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This is what LGBTQ people should look for when choosing hospice care

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Discrimination against lesbian, gay, bisexual, transgender, gender non-conforming, queer, and/or questioning (LGBTQ) people is unacceptable in any instance but it is particularly unforgiveable when encountered in a hospice or palliative care environment. When an LGBTQ person has a serious or life-limiting illness and seeks palliative care or hospice care, they run the risk of isolation and marginalization at the precise time when they most need support. LGBTQ family members of straight patients seeking hospice care are also vulnerable.

A 2016 survey quoted in The Atlantic article “LGBT Seniors Are Being Pushed Back Into the Closet”, “found that the respondents were frequently mistreated by care-center staff, including cases of verbal and physical harassment, as well as refusal of basic services. Some respondents reported being prayed for and warned they might ‘go to hell’ for their sexual orientation or gender identity.”

Stripped of any sense of comfort, security or safety because of discrimination or poor-quality care provided by well-intentioned healthcare providers, an LGBTQ person facing a serious illness may find their situation all the more excruciating. While palliative care and hospice care are appropriate for people of all ages facing serious or life-limiting illnesses, LGBTQ older adults who’ve already experienced a lifetime of discrimination may be particularly vulnerable as they seek out care.

Most of us turn to Google when trying to determine if a business or organization is LGBTQ-friendly and inclusive, but when seeking LGBTQ-inclusive hospice and palliative care for ourselves or a loved one, it is critically important to know what to look for.

Though published as a handbook for hospice and palliative care professionals, LGBTQ-Inclusive Hospice and Palliative Care by Kimberly D. Acquaviva (Harrington Park Press) offers guidelines that translate easily into advice for those seeking palliative and end-of-life care.

Beyond sensitivity training in caring for LGBTQ patients, this first and only guidebook reiterates the broader tenet of never assuming anything about patients, family members, colleagues, or employees: Never assume the gender a person identifies as or the pronouns they want used to refer to themselves. Never make assumptions about how a person wants to be addressed, never assume that an LGBTQ person’s family either rejects or embraces, and never assume anything regarding spirituality.

In addition to fundamentals about how to conduct an inclusive “intake interview” and how to understand complex family dynamics, the book offers clear-eyed guidance on topics that may not be as obvious, but are equally critical, such as whether or not an LGBTQ healthcare professional should disclose their gender identity and/or sexual orientation in an effort to bond with the patient.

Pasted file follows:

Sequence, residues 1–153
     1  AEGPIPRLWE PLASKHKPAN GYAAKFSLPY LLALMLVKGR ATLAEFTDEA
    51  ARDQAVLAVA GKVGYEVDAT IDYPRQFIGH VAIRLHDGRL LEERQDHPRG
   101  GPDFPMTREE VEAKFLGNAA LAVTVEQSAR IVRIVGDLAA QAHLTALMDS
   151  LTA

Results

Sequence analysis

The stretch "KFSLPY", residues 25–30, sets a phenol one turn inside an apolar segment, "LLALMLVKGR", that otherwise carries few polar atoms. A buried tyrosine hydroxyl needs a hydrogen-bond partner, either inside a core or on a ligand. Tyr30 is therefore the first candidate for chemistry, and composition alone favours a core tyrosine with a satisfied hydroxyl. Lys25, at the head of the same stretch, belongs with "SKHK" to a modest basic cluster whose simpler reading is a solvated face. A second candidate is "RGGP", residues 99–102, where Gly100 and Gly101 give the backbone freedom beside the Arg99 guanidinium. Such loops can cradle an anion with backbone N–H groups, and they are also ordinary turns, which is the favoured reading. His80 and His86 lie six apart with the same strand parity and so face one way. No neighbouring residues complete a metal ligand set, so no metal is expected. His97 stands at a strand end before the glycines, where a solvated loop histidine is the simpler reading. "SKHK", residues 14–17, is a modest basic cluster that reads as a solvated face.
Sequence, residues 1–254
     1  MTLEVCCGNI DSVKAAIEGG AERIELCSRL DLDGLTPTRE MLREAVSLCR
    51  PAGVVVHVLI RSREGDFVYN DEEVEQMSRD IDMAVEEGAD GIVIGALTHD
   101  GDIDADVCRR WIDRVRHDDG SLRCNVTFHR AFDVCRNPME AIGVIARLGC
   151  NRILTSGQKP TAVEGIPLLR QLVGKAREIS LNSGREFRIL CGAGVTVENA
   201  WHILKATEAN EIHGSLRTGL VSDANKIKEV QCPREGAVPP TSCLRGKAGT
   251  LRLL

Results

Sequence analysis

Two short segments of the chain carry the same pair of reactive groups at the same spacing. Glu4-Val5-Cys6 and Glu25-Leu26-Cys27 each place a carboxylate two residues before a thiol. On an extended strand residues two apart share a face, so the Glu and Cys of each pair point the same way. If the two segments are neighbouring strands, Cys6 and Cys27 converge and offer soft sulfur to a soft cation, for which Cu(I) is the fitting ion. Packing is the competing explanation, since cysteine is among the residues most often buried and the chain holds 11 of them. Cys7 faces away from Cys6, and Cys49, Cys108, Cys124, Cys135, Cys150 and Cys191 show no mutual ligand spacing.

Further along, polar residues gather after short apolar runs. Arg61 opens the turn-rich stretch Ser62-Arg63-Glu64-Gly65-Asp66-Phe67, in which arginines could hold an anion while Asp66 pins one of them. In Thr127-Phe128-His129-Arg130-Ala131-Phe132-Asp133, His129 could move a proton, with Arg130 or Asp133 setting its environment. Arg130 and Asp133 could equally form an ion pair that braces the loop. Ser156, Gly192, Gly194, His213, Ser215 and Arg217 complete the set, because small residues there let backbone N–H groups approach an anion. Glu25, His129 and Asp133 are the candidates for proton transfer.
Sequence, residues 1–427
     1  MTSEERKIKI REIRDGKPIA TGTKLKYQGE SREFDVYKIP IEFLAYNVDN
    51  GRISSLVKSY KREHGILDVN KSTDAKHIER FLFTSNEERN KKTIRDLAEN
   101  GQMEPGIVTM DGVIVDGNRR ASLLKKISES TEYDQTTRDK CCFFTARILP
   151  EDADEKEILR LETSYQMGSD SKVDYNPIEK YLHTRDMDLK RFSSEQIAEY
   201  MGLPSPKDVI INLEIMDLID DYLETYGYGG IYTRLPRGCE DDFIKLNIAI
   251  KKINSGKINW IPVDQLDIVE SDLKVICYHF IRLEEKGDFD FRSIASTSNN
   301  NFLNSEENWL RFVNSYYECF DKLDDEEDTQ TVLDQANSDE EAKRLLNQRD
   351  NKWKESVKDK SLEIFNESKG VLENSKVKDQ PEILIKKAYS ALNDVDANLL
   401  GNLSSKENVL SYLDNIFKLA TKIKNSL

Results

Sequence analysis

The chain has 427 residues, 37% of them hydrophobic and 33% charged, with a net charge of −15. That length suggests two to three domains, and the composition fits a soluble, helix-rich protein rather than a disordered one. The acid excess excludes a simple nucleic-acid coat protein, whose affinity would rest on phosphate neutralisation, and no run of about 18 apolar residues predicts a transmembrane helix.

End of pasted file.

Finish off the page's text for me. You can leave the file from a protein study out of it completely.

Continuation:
The book also reminds professionals to be being mindful of not inadvertently “outing” patients whose sex anatomy and gender identity do not match by using their preferred gender pronouns, and making sure patients’ wishes are legally protected with a healthcare power of attorney.

From the book’s chapter advising institutions and programs on how to reach LGBTQ people, it is clear that for those searching for a hospice or palliative care organization, one of the most important things to look for is a prominently- displayed, LGBTQ-inclusive, nondiscrimination statement.

The statement should, at minimum, include the phrases “gender identity” and “sexual orientation,” in addition to the other phrases that commonly appear in nondiscrimination statements, such as those pertaining to race, ethnicity, age, and religion.

The nondiscrimination statement should appear on the organization’s website homepage (not buried on some other page), be included in any printed marketing materials, and be easy to Google by entering the name of the organization and the word “discrimination.”

If it does not appear on the homepage, typing the terms “LGBTQ,” “gay,” “lesbian,” “bisexual,” “transgender,” “discrimination,” “gender identity,” “gender expression,” or “sexual orientation” into any search boxes embedded on the organization’s homepage  should yield a link to the nondiscrimination statement.

Additionally, if one were to call the organization’s main phone number and ask about their nondiscrimination, policy the person who answers should be able to read the nondiscrimination statement directly, without transferring the call to someone else.

In order for a hospice or palliative care program to be an entity where LGBTQ individuals and their families feel safe and comfortable receiving services, it needs to be a program where LGBTQ employees also feel safe, comfortable, and valued.  Look at the organization’s non-discrimination statement to make sure it protects LGBTQ employees.

Further indications that an organization welcomes LGBTQ patients would include photos depicting patient and staff diversity that don’t appear awkward, forced, or worse, stock photos of crayon-box lineups and ads in LGBTQ newspapers and websites, an information booth at a local Pride festival, and availability of an LGBTQ bereavement group.

Lastly, here’s an easy way to assess how inclusive a hospice or palliative care program really is: If you visit the program’s offices, look for gender-neutral bathrooms. A willingness to address the needs of all people by installing gender-neutral bathrooms is a pretty good indication of its commitment to LGBTQ inclusivity.


LGBTQ-Inclusive Hospice and Palliative Care is published by Harrington Park Press, a specialized academic/scholarly book publisher devoted to emerging topics in LGBTQ diversity, equality, and inclusivity and distributed by Columbia University Press.

 

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